I have to laugh, I just saw the movie 300. Now why do I think that somehow relates!!!


Actually, Mr Welden states in his book quite clearly that he is using standard photopolymer plates….. in several thickness depending upon the intended results. For relief printing, he recommends the thicker .93 plates from Torelief. I didn’t read anywhere where he is claiming to have invented anything other than his own method for exposing and processing them, and coining the term “Solarplate”.

Regardless of what you call the method, or whether you think Mr Welden arrogant, the method does indeed work.

Now… about DIY’ers: I tend to think we should support them instead of discouraging them. In the absence of proper training and equipment, there is no other way to learn other than doing it oneself. If letterpress is to continue to grow as a craft, folks have got to start somewhere.

I agree with you James that some DIY’ers out there are selling sub-standard work, and it annoys me too…. but we really should not lump all self-taught printers into one group. Some of the Newbies/ DIY’ers / Amateurs are quite gifted and capable of excellent work.


Populism is the prevailing mentality, the current fashion, and will be for some time. What is wrong with that? Well, nothing except for this.

An example that is outside of letterpress might suffice. In the jewelry business folks can now take processed imaging from the computer and via photopolymer plates and impress them into metal clay and presto, hand crafted jewelry. Except that it is not. No hand carving, no knowlege of carving or special casting techniques, etc. But it is appealing to the market which cannot tell the difference between the amateur created schlock work and that of the craftsman, and they do like the prices, even though they are paying more for substandard work. So, the craftsmen can’t sell their work at the prices they need to survive. So they, one by one, disappear; along with the knowlege of technique, tools, procedure, etc. Gone. Lost forever.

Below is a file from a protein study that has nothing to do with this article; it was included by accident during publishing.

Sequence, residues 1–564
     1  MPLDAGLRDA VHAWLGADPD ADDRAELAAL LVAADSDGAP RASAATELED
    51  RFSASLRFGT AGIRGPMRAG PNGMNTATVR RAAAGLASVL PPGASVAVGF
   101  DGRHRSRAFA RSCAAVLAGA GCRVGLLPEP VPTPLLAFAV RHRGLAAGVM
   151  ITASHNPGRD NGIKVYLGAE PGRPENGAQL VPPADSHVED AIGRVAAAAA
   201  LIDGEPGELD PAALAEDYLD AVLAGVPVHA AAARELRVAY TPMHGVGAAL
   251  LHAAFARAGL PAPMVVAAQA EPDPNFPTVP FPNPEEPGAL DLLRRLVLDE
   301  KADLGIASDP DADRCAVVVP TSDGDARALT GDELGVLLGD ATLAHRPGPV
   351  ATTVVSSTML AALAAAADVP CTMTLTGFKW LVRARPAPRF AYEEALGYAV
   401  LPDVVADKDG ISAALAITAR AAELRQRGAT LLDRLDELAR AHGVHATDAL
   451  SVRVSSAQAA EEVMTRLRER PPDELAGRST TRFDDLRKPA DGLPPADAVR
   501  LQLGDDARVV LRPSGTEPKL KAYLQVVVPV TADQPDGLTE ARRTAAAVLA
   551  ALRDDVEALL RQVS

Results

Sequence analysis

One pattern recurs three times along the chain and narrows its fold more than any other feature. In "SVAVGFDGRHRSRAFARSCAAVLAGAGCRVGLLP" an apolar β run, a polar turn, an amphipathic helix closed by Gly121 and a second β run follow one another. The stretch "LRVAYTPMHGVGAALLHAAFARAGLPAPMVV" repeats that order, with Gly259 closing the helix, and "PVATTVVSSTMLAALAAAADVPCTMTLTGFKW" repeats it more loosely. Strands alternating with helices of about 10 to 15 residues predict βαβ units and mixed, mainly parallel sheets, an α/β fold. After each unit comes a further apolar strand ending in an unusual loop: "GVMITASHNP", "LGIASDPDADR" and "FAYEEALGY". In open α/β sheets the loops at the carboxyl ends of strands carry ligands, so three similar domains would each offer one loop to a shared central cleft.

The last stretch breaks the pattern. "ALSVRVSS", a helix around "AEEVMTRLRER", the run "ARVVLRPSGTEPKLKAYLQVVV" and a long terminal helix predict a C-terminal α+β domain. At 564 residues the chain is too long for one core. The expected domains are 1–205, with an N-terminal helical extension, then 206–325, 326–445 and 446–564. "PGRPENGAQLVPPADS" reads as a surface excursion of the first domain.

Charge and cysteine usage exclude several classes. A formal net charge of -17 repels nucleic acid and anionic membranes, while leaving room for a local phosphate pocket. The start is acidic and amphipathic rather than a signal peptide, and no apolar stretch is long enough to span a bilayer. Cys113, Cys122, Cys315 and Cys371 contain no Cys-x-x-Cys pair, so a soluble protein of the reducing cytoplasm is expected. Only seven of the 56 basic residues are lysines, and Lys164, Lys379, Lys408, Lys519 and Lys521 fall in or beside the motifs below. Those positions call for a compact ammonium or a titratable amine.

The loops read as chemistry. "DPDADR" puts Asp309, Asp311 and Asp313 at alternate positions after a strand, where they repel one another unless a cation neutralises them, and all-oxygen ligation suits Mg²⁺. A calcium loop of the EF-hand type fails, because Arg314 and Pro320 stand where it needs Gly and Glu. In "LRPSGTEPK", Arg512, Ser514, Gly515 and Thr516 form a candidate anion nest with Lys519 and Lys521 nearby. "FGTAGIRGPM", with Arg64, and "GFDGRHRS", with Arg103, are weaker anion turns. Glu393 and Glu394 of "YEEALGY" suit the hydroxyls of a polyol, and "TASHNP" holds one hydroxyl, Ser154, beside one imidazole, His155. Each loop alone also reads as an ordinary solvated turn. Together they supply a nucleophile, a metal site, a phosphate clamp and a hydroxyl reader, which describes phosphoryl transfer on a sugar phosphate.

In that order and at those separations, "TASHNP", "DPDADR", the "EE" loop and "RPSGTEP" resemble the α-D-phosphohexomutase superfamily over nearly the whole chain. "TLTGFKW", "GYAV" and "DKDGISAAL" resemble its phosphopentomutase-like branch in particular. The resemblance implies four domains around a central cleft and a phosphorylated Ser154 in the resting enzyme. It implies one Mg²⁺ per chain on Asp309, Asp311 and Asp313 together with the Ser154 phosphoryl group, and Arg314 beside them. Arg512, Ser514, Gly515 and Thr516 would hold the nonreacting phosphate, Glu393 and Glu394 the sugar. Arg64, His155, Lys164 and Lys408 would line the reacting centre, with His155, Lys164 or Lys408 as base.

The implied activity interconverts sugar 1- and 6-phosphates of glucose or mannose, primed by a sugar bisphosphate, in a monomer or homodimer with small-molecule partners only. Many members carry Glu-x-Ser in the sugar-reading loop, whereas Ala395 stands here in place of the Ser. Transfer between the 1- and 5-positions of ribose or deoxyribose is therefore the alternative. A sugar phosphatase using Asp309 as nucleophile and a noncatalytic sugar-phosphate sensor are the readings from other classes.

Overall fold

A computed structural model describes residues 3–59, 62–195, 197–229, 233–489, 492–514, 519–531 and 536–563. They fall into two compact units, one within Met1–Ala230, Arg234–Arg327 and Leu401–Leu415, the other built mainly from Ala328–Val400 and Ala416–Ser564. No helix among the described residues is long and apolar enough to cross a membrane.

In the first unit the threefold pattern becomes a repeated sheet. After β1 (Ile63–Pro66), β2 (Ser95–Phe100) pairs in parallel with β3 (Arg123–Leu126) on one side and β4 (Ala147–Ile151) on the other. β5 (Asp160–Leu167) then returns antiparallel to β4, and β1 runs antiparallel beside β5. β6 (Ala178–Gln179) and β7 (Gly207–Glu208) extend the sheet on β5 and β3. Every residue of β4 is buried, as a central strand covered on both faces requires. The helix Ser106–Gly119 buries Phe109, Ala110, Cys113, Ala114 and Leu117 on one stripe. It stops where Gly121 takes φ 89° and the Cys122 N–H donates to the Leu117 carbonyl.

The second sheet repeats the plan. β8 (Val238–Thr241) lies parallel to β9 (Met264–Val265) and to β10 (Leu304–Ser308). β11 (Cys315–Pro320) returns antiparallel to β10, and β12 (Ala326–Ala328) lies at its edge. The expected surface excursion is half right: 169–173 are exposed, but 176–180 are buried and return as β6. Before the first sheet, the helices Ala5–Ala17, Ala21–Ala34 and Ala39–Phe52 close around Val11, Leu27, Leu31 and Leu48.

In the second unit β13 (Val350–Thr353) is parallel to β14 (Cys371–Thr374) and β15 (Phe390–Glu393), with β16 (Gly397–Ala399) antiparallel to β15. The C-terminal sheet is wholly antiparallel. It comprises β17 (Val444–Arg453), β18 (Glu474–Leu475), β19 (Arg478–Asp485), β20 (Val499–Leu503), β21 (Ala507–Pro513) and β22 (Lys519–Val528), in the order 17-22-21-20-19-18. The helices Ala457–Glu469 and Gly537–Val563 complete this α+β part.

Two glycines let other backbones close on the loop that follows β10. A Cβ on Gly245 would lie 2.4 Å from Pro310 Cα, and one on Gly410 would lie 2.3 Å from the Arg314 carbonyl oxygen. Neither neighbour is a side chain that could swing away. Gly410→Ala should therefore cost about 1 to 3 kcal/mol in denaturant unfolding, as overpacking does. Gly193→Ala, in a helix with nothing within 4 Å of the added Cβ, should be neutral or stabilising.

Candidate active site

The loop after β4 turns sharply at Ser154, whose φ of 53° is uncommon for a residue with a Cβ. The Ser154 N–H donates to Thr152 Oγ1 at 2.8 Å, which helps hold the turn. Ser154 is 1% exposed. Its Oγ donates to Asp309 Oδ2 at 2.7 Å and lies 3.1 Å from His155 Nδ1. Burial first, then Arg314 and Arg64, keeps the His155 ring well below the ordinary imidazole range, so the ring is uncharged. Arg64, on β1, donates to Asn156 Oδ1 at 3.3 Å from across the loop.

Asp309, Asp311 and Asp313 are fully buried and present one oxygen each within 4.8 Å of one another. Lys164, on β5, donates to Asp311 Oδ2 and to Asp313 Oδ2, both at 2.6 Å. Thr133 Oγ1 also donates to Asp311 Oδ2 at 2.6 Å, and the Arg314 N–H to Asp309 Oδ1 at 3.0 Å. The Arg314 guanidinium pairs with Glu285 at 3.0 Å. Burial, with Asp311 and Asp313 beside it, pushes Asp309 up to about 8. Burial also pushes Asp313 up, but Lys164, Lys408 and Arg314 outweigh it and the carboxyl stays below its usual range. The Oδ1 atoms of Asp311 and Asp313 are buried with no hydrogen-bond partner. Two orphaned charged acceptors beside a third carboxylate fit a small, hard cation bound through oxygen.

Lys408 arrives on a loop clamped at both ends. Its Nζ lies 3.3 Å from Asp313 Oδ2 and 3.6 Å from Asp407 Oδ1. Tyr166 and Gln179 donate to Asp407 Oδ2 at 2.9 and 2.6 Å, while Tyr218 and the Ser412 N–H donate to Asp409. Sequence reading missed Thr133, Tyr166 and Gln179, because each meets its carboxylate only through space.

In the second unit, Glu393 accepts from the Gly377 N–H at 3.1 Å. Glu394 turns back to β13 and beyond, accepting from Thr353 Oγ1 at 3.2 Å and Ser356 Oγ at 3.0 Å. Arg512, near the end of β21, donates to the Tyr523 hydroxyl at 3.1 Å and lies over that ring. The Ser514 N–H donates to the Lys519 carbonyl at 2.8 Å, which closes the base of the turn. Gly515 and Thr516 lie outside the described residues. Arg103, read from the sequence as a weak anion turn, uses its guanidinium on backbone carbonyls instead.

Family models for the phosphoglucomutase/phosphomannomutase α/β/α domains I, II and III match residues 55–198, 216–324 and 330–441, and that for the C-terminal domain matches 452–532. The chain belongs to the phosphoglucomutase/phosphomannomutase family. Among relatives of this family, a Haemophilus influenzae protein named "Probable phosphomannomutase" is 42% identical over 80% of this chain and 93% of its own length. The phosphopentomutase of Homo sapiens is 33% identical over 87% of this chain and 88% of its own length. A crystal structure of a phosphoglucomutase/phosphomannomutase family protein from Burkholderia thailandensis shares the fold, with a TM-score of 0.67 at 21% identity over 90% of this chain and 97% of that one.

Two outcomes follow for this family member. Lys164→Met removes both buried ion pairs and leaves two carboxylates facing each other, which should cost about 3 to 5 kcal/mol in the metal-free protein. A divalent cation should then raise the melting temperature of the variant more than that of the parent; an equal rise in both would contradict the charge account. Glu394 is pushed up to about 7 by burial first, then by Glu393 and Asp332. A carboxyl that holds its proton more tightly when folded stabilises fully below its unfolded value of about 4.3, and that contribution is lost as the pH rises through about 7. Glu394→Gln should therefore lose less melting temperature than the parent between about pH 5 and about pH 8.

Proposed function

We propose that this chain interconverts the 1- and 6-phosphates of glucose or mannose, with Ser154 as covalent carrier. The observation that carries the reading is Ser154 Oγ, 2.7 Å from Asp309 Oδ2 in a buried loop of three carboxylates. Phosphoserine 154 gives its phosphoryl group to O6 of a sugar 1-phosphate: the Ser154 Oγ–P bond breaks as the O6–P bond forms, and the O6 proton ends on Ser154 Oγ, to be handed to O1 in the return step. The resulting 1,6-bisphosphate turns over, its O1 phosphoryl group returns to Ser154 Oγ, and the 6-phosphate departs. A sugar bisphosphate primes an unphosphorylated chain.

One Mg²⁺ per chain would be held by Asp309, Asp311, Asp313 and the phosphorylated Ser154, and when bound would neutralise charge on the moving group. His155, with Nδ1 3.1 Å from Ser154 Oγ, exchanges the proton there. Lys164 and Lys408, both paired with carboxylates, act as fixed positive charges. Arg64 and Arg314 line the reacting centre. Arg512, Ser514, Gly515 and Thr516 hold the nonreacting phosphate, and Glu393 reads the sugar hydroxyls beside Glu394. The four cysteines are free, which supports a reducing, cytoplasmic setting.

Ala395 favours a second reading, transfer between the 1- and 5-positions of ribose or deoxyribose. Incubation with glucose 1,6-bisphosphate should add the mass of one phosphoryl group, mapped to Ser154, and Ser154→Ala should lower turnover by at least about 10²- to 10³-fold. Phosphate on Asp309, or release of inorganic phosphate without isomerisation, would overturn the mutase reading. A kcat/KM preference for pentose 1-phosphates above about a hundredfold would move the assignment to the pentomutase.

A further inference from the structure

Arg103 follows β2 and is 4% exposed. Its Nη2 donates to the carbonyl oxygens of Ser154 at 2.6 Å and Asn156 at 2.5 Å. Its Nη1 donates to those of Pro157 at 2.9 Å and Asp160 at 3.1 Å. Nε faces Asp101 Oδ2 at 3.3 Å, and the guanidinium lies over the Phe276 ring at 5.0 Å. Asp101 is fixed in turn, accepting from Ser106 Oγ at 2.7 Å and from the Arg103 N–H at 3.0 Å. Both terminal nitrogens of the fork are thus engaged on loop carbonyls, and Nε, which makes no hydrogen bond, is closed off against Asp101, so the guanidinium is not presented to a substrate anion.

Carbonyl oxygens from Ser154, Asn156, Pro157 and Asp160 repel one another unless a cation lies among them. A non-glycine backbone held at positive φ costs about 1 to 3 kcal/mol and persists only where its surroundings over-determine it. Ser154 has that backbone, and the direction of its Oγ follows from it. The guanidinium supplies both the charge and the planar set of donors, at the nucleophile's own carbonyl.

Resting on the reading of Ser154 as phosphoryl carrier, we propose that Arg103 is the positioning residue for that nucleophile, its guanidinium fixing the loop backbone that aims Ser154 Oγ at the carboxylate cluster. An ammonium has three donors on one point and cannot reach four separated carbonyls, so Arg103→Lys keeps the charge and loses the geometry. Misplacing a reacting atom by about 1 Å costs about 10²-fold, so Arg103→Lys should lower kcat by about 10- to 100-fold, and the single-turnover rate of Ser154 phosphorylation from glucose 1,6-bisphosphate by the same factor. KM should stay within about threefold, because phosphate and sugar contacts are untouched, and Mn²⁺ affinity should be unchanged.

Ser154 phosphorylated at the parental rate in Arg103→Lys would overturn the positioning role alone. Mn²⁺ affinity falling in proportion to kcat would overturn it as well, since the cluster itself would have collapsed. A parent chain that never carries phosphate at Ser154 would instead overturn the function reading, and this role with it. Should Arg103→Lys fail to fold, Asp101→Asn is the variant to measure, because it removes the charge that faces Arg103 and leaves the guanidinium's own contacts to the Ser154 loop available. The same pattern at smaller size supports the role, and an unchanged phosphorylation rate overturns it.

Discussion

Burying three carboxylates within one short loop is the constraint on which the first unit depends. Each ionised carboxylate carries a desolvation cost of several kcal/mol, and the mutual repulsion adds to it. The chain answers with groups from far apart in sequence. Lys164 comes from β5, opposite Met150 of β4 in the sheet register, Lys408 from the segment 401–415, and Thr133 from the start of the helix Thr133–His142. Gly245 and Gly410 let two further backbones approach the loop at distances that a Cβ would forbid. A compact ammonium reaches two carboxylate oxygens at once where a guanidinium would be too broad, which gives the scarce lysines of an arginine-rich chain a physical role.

But wait you say. They will surely survive and the amateurs will climb up the ladder to learn from them. To that, if you say it, I will have to respond, you have got to be kidding. The easy button mentality that prevails in this our dear 21st century precludes the willingness to sacrifice for edification.

So while “some of the newbies/DIY’ers/amateurs” may be “quite gifted and capable of excellent work” that is essentially all we will end up with. And whatever is meant by “excellent work” without the benefit of knowledge and experience is sort of up for grabs, is it not? Who decides? Anyone? “I like it” (like a dog likes meat).

Don’t take this bit personally, it has nothing to do with you or even me. It is just supposition. Up for grabs, as always.


Winking, Coining a term and purchasing a trade mark are two different things period. I would like to coin the word
“lettersmash” for any one who goes with deep impression.
Then I’ll write a book about it, trademark it, give lectures about it. Actually calling something other than it is,is a form of denial. Trademarking a term is stercoraceous. Yes photopolymer works just fine whatever you call it. As communicating animals it is important that we call things what they are otherwise we are back to babble. Yes it is wrong of me to lump all the DIY’ers into one group and I aggree that most do try to do good work. James

Lettersmash. Perfect descript for those oh-so-many ‘gifted amateurs’ for whom the Black Art is mere backdrop to pretensions. Thank you, JB, for such succinct word.

“Lettersmash” is good and descriptive.
I have used the term smash printing with my students.

OK Guys, we’ve gotten WAY off of the topic…. I would probably vote for the adoption of the term “lettersmash” as a coloquialism for much of the modern crop of letterpress work…. and I concede the concept that Mr Welden might have stepped on a few traditionalist’s toes with his trademarking of the term “Solarplates”…. but that was not the original topic. Nor was a debate about self-taught printers intended. These are topics that border on the social/philosophical/cultural realm…. and we will probably never agree about them. We each have our own opinion.

The ORIGINAL discussion was a simple posting pointing out that it is possible to produce photopolymer plates at home using the Sun as an exposure source…. and my experiences in that regard. After spending a few weeks working with the process and materials, I have to stand by my original post. It is indeed possible to produce good work using the “Solarplate” (TM) method. All of the rhetorical / philosophical arguements in the world will not change that.